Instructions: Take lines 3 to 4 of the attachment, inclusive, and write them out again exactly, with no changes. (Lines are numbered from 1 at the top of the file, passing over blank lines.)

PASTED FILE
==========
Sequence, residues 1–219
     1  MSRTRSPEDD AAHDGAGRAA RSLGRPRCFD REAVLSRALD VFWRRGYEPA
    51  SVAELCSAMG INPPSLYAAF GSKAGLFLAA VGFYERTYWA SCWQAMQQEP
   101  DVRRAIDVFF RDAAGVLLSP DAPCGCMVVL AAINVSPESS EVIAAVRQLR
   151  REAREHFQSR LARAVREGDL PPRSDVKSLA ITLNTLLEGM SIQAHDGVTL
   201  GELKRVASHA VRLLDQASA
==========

    51  SVAELCSAMG INPPSLYAAF GSKAGLFLAA VGFYERTYWA SCWQAMQQEP
   101  DVRRAIDVFF RDAAGVLLSP DAPCGCMVVL AAINVSPESS EVIAAVRQLR